How to resolve regional transport problems?

The Freight-Intra Africa Trade Conference in Pretoria, this week, has featured several news articles in the local media, and no doubt some foreign tabloids as well. The Minister of Transport has cleared up the cause of the ills plaguing cross border and regional transport. At least we are now fully informed that [historical] design issues and operational inefficiencies at South Africa’s landborders, and Beit Bridge in particular, are the fundamental causes of under-performance in intra-Africa trade.

“In most cases, the delays at the borders are caused by operational inefficiencies, which result in the duplication of processes. This is a serious cost to the economies of the countries that conduct their trade through such border posts,” the Minister said.

One has to seriously question who advises the minister which leads to such statements, and whether or not these advisers have visited any land borders in recent months.

Now the remedy – Government has budgeted and approved R845-billion for infrastructure development over the medium-term, with a significant proportion, about R262-billion of this investment being earmarked for transport infrastructure and logistics projects. Can anyone question government’s commitment in this respect? Not really. However, the Minister was quick to point out government would resolve inefficiencies at the borders by establishing a mechanism that will bring all border entities under a single command and control structure to address the fragmentation in border operations. “The ultimate vision is to create one-stop border operations to facilitate legitimate trade and travel across the borders”.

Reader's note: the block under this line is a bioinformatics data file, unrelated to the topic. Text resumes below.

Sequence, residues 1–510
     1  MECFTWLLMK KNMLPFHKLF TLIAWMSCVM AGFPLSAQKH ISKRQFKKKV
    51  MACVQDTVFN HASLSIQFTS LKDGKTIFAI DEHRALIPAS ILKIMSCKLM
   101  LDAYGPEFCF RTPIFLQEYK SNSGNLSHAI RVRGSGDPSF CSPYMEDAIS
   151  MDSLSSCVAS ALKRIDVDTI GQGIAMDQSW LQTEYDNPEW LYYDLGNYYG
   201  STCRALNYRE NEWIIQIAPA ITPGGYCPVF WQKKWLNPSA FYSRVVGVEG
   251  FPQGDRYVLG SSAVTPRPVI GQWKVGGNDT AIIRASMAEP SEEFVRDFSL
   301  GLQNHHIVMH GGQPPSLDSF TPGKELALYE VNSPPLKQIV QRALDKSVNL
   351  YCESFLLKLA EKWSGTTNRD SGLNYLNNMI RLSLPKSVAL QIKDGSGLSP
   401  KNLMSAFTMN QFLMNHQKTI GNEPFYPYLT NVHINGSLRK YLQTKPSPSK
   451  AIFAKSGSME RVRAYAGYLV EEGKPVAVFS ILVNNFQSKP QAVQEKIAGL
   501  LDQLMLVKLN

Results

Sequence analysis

The proliferation of border management agencies (integration of enforcement and regulatory authorities under one umbrella) – which has seen the demise of many customs administrations over the last decade – has not proven an effective vehicle to manage cross border travel and trade. It is difficult to see how facilitation procedures can co-exist under a command and control environment. What the situation does create is the opportunity to consolidate a budget for security expenditure. Various Sources: Engineering News, Business Live, Fin24.com and personal opinion.